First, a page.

Karin Lund

(National Heritage Board, Sweden)

Purpose: How does digital documentation affect the organisation of an excavation and an institution?

Results: The need of flexibility

David Bibby writes in his invitation to the session “This session will explicitly consider the advantages of computer applications in archaeology, be they scientific, financial, infrastructural, touristic or museological or even perhaps helpful in increasing accessibility to archaeology for the lay public.” Yes, David there is advantages in all these areas, but I will in my paper consider the “fundamental” changes that inevitably will take place within an archaeological company or institution that goes for digital field documentation. It is not only a matter of education, software and archaeologists – it is also, and perhaps foremost, a matter of organization. Digital documentation affects the daily work of the archaeologists as well as the outcome of an archaeological excavation. The hard thing is to take it beyond the point where you only are making paper digital. I will in this paper examine different approaches taken by some archaeological companies – varying from “anarchy” to “Big Brother”. In the “anarchy” approach it is all up to the single archaeologists – their digital knowledge and education will set the agenda for the excavation. Whereas the “Big Brother” approach is standardized and there are very few options, if none, for individualizing the sites. They should all fit into the standard system even if you have to equip all archaeologists with a shoehorn.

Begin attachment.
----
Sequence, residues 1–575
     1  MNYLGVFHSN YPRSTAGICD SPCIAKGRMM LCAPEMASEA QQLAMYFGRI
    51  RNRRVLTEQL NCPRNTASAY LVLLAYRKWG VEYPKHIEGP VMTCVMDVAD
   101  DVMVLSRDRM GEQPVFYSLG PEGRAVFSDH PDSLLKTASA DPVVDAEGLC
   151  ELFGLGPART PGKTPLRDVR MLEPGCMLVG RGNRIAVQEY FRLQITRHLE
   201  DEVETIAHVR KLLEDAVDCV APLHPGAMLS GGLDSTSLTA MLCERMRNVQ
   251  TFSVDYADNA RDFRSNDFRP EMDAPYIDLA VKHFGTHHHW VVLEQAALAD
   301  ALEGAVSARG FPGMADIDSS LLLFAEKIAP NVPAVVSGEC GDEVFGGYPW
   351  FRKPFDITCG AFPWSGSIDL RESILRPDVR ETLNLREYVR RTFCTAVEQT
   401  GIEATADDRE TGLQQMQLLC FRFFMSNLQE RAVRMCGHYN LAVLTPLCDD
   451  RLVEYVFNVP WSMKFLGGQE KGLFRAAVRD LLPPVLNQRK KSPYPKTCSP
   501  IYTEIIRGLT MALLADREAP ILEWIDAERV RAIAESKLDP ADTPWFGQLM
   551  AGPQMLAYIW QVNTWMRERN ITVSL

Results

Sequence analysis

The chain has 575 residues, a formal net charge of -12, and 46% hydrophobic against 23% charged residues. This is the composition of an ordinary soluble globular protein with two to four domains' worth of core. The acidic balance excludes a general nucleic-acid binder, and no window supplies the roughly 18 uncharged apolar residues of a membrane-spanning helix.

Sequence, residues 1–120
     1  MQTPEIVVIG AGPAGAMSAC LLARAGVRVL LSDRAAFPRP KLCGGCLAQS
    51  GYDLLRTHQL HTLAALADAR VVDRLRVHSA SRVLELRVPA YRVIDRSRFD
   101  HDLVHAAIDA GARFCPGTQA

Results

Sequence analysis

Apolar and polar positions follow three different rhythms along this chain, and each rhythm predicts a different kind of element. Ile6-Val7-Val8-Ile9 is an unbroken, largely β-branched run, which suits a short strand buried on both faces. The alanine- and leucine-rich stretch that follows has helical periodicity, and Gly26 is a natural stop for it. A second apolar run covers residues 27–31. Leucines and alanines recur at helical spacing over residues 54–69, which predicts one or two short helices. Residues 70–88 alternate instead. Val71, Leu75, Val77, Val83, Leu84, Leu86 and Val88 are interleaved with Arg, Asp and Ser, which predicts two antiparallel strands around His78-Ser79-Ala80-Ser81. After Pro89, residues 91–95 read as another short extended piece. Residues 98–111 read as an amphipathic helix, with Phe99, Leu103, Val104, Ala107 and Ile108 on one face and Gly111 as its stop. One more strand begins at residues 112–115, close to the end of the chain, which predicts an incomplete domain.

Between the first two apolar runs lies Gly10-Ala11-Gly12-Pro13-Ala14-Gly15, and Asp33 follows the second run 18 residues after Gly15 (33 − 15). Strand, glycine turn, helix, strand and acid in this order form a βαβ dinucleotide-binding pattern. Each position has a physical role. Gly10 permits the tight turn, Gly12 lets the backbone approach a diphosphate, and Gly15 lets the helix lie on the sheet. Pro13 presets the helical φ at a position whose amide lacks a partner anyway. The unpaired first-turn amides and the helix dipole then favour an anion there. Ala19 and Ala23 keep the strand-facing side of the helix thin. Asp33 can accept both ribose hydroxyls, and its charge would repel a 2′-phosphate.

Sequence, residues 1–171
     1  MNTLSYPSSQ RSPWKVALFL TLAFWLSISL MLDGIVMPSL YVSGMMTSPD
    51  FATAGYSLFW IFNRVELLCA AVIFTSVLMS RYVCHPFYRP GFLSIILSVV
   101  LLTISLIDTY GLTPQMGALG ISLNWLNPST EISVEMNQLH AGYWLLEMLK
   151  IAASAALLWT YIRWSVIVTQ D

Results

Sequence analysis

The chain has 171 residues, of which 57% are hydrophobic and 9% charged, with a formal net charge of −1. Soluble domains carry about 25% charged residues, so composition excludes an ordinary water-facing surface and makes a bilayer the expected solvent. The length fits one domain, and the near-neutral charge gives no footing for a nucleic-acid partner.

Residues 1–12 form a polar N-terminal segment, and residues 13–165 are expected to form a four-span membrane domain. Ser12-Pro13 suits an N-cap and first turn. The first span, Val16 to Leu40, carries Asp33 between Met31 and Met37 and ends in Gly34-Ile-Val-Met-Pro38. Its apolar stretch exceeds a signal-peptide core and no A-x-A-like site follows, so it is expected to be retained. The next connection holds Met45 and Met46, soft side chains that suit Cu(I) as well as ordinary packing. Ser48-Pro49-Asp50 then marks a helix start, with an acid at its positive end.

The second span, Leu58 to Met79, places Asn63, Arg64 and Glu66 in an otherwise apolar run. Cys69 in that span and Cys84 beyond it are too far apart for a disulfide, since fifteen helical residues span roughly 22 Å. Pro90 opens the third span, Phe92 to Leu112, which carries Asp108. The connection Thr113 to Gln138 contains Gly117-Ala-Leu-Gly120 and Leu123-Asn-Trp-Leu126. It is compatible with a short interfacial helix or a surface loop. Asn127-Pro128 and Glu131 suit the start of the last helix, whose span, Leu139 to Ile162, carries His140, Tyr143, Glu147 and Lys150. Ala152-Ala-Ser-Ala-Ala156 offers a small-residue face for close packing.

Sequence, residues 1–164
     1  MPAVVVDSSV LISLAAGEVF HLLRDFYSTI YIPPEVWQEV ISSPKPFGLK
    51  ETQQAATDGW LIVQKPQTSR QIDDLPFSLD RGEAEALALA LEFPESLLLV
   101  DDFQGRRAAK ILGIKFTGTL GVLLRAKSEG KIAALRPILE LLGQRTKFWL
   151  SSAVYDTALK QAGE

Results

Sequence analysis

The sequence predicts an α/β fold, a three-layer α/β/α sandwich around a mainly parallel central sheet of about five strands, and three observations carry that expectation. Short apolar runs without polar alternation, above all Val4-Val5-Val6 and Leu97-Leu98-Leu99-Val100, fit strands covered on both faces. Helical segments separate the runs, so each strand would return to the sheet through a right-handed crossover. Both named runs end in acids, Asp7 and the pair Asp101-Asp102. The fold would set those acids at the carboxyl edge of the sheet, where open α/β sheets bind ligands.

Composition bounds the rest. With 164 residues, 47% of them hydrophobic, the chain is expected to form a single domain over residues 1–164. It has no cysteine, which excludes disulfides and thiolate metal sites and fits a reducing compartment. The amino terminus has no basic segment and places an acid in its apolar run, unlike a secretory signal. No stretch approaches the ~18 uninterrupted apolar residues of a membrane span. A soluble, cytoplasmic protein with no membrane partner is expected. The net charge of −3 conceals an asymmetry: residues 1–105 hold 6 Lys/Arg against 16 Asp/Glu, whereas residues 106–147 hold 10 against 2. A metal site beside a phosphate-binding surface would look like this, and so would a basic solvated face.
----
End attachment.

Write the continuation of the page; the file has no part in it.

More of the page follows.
Keywords: Documentation, GIS, archaeologist, organisation